Polish opposition leader Donald Tusk has urged the county's president to start the process of forming a new government after official election results showed Mr Tusk's liberal pro-EU party and its allies winning a majority.
Poland's Electoral Commission confirmed that the ruling nationalist Law and Justice (PiS) party had lost its majority, though it remains the largest single party in the lower house of parliament, after winning 35 per cent of the vote share.
The Civic Coalition (KO), led by Donald Tusk, has emerged as the most likely party to form a coalition government, after winning 30.7 per cent of the overall vote.
“I’m appealing to the president to make quick, energetic decisions,” Mr Tusk said on Tuesday. “The parties are ready to take over the responsibility for governing the country. Mr. President, people are waiting.”
Results show that the centre-right Third Way took third place with 14.4 per cent and the New Left had 8.6 per cent, the Commission said. The far-right Confederation won 7.1 per cent.
KO, the Third Way and the New Left will have about 250 seats in the 460-seat legislature combined, enough for them to form a coalition government.
“In the coming days, after the (final) results are announced, we will talk,” said Wladyslaw Kosiniak-Kamysz, a leader of Third Way, referring to the planned tripartite coalition negotiations.
However, forming such a government could take weeks, if not months. President Andrzej Duda, a PiS ally, said before the vote that he would give the first shot at forming a cabinet to the group or party that won most ballots.
With no party indicating a willingness to join a PiS-led government, however, the nationalist party led by Jaroslaw Kaczynski seems unlikely to be able to secure a third term at the helm of the EU's largest eastern member state.
In that event, Mr Duda is expected to invite Mr Tusk as leader of the second biggest party to attempt to form a government.
“Evil has prevailed in Poland, temporarily,” Marek Suski, a senior PiS official, told public broadcaster TVP. “PiS is likely moving into a really democratic opposition.”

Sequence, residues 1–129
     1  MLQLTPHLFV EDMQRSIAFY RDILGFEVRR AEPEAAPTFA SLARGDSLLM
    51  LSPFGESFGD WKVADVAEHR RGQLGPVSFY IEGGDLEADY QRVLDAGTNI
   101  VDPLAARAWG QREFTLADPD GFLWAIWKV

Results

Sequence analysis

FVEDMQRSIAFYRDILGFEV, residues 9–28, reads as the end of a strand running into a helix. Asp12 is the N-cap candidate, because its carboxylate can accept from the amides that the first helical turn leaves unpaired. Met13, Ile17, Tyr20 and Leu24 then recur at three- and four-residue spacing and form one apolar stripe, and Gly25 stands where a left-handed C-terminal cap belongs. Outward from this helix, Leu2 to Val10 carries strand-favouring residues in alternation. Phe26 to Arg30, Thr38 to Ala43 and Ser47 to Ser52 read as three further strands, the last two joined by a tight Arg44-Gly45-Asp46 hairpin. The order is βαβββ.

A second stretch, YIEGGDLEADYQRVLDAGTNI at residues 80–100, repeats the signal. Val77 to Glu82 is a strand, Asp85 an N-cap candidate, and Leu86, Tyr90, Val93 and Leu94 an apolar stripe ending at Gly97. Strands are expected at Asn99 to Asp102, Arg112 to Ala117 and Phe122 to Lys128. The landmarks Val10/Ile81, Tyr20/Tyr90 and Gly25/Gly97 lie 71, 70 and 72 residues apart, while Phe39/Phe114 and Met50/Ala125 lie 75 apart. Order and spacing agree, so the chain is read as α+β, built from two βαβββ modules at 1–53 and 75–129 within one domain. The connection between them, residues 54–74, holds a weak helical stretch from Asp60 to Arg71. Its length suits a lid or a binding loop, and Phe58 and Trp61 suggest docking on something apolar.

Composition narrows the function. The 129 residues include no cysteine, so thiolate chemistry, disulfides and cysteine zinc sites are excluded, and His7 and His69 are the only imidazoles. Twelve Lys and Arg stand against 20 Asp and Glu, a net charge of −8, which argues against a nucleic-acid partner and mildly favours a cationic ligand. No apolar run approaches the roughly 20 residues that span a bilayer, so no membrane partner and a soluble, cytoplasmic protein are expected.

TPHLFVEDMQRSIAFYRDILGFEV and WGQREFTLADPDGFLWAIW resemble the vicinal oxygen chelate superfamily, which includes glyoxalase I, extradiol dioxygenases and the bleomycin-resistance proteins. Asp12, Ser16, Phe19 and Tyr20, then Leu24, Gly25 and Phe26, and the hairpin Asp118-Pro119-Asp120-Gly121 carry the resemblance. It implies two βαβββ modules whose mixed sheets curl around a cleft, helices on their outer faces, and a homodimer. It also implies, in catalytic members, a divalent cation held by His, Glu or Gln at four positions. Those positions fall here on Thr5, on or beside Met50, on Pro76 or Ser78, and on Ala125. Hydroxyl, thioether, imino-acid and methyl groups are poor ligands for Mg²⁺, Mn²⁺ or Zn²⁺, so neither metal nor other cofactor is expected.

Turnout in Sunday's election exceeded 74 per cent, the highest in Poland since the collapse of communism in 1989 after the parties galvanised large numbers of younger voters for the first time.
But the election campaign was marred by harsh, divisive rhetoric, reflecting deep polarisation in Polish society.
Vowing to protect Polish borders and sovereignty, PiS cast the vote as a fight against what it claimed was unfettered migration and against unwarranted interference in national life by EU bureaucrats.
Opposition leaders including Mr Tusk, a former European Council president, said PiS would take Poland out of the EU if it won a third term – a charge denied by the ruling party despite its numerous legal and political feuds with Brussels.
The opposition parties have yet to name a candidate for the post of prime minister but Mr Tusk, 66, is widely expected to be their nominee. He served as Polish premier from 2007 to 2014.
“Nobody doubts today that without Donald Tusk's energy and determination, change in Poland would not have been possible,” Marcin Kierwinski, a senior KO official, told Polsat News broadcaster.
Still, the three parties are likely to face complex talks over issues such as abortion and LGBT rights.
On abortion, Mr Kosiniak-Kamysz of Third Way said his party would support reversing a 2021 near-total ban on terminations by reinstating the right to abortion in cases of foetal defects, but would not agree upfront to further liberalisation.
KO and the New Left also want to allow abortions up to 12 weeks without limitations. Third Way wants Poles to decide the matter in a referendum.
“No ideological issues can be part of any coalition agreement,” Mr Kosiniak-Kamysz said.